Questions on the vaccines

"When will they be widely distributed?"


The government and the private sector are working together to ensure the availability of the AstraZeneca vaccine by May or June next year. This is light at the end of the tunnel, however long the tunnel is.

Still, there are unanswered questions about ending the coronavirus. Will the vaccine truly end the health crisis? It is said that the vaccine will first be provided to 60 million Filipinos. But how about the rest of the population? Whatever these questions are, prospects of the “new normal” just got clearer!

The government may make frontliners a priority in the distribution of vaccines, because they are the most exposed to the virus. Next are the military and police, then the poor and the sick because they are the most in need.

One good thing we are seeing is the willingness of the private sector to partner with the government.

But I hope our leaders continue warning us to stay cautious because the tide will not turn soon despite the vaccine. The pandemic has done much damage to our economy. People must also be warned against holding get-togethers this holiday season.

At the very least, we seem to be flattening the curve.


Let us not forget the following, now that Christmas is coming. First, that we can still observe it without going to parties. It is Jesus Christ, not anyone or anything else, who is the cause of our celebration. When I was a boy, just being able to eat dirty ice cream – “sorbetes” – was a luxury. My toys were made of tin cans. It’s a good thing my mother was a devout Catholic. She taught us the rudiments of catechism and instilled in us the habit of going to Church on Sundays and special days. She also reminded us constantly that Christmas was not about Christ. It was only when I attended kindergarten at the Philippine Normal School when I first saw imported toys, care of my American teacher.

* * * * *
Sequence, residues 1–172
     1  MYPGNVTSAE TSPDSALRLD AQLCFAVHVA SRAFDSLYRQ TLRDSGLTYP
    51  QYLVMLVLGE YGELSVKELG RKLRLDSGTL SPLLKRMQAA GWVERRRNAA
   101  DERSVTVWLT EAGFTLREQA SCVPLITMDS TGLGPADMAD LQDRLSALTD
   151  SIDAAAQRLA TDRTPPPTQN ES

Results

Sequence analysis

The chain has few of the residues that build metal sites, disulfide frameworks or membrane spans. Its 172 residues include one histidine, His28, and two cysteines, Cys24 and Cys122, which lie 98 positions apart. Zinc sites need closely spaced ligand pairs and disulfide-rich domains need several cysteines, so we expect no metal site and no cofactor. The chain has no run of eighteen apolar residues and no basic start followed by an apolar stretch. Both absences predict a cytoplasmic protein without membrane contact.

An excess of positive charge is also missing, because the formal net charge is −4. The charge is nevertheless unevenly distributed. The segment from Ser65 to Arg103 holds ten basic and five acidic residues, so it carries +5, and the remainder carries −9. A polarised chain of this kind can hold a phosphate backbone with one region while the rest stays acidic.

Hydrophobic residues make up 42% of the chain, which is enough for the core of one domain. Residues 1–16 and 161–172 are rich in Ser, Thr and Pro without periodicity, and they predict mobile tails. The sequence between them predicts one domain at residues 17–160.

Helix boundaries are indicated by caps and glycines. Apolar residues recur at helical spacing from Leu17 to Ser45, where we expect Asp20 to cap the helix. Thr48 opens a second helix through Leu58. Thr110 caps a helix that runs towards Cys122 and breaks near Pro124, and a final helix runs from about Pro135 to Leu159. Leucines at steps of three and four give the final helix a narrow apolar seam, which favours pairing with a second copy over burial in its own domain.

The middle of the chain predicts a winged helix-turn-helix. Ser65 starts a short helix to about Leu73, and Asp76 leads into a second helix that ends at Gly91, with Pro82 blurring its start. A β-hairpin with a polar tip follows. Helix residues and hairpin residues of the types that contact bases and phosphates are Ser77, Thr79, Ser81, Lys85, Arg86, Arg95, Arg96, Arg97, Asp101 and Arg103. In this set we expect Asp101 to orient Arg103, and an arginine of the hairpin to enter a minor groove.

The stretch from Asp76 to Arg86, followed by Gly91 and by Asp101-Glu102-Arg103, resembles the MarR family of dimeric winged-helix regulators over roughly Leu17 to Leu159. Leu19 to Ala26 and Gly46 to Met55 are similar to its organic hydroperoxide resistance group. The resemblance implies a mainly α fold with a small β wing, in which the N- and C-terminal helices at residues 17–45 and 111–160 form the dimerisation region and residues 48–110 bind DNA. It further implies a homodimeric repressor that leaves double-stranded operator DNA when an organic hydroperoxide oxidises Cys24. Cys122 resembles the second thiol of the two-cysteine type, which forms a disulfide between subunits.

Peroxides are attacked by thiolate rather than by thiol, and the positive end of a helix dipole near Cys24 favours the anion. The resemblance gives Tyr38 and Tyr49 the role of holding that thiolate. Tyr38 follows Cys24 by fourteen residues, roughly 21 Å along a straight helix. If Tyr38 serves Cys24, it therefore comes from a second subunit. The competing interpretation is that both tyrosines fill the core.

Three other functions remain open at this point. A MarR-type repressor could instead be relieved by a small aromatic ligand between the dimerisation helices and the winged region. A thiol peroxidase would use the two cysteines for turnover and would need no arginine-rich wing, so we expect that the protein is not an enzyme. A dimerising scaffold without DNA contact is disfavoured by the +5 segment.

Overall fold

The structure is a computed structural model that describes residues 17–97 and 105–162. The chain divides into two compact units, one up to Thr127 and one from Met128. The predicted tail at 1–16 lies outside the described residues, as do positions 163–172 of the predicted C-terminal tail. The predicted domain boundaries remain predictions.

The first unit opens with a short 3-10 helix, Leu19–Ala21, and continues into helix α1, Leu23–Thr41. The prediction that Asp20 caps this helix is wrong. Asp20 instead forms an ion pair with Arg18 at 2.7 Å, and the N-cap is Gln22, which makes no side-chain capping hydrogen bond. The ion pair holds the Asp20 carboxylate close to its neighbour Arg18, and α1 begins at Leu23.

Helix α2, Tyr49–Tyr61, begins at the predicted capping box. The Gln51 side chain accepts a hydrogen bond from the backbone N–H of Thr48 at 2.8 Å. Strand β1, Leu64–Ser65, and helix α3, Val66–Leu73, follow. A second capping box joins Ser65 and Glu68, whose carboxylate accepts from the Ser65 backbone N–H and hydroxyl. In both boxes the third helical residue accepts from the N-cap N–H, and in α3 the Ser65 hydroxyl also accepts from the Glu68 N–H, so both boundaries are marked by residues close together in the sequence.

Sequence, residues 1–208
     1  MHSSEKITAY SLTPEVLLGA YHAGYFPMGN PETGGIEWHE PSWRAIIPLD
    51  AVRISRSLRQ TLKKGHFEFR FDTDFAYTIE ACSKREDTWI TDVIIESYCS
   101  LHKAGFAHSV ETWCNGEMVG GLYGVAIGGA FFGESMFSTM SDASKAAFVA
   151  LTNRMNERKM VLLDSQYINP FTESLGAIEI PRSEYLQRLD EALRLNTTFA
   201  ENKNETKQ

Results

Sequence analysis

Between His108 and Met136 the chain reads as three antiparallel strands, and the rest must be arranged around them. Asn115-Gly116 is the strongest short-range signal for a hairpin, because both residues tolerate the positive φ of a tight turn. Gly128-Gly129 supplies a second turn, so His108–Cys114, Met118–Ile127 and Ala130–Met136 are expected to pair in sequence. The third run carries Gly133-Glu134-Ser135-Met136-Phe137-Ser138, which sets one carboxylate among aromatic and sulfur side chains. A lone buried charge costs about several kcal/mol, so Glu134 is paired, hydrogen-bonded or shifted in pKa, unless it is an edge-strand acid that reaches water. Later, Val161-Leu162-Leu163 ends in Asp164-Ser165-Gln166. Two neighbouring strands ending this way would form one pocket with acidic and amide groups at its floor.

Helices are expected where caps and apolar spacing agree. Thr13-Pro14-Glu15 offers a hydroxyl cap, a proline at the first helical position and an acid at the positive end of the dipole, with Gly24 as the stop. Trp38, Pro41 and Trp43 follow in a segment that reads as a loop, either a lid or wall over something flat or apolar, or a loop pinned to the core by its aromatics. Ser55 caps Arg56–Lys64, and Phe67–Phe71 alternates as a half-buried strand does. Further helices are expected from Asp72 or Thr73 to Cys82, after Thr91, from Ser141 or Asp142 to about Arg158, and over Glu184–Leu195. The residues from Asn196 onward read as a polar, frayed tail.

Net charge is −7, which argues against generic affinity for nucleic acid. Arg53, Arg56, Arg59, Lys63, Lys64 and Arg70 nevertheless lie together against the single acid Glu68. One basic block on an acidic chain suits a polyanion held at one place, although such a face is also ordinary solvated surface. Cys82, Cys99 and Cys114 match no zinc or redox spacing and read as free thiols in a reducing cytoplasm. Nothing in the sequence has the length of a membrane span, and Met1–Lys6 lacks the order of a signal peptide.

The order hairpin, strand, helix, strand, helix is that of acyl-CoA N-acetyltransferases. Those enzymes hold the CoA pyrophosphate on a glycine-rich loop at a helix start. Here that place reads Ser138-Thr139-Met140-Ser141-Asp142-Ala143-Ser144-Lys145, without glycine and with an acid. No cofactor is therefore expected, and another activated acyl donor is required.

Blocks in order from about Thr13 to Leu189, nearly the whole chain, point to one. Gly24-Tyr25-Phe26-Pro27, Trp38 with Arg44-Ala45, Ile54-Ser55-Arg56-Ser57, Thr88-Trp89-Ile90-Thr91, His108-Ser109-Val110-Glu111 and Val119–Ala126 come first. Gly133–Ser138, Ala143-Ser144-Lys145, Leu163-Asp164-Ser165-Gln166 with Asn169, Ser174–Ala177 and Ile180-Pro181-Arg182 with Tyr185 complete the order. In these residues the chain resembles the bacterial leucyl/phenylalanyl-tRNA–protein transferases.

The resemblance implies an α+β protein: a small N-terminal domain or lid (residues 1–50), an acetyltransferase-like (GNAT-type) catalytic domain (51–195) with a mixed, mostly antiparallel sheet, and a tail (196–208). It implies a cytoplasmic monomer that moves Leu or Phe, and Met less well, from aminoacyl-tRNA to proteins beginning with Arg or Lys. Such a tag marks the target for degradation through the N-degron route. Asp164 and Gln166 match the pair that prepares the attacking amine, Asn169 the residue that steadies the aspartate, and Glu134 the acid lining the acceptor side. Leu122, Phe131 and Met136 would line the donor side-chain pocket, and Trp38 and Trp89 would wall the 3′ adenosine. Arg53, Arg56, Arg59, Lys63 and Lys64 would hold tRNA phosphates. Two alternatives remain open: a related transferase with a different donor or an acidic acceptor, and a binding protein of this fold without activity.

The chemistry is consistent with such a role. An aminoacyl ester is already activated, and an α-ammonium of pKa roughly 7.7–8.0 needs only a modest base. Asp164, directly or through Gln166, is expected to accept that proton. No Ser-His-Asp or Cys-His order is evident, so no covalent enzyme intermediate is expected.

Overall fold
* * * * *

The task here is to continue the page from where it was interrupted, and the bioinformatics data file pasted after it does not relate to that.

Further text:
Giving gifts at Christmas is a truly Christian tradition. Jesus Christ gave the best gift ever to us – himself. He died on the Cross for the redemption of mankind, and so we have an obligation to help the poor and the needy.

For this reason, our duty is to help those who have less in life.


President Duterte has the last say in the issue of face to face classes in the future.

I am not sure if DepEd Secretary Leonor Briones has studied the probabilities of resuming classes due to the still-raging coronavirus.

What should be looked for in rural areas are reports that students in faraway rural areas are still in the dark ages because there is no electricity. How can we expect students to have blended learning?

Another issue is the availability of sanitation and health facilities.


I have been told that my good friend, Ado Escudero, owner and founder of Villa Escudero, has just passed away. He was such fun to be with. I traveled with him to the Holy Land years ago.

Goodby Ado, my friend. May the peace of the Lord be with you.

Topics: Vaccine , COVID-19 , Leonor Briones , Department of Education , Ado Escudero
COMMENT DISCLAIMER: Reader comments posted on this Web site are not in any way endorsed by Manila Standard. Comments are views by readers who exercise their right to free expression and they do not necessarily represent or reflect the position or viewpoint of While reserving this publication’s right to delete comments that are deemed offensive, indecent or inconsistent with Manila Standard editorial standards, Manila Standard may not be held liable for any false information posted by readers in this comments section.
AdvertisementSpeaker GMA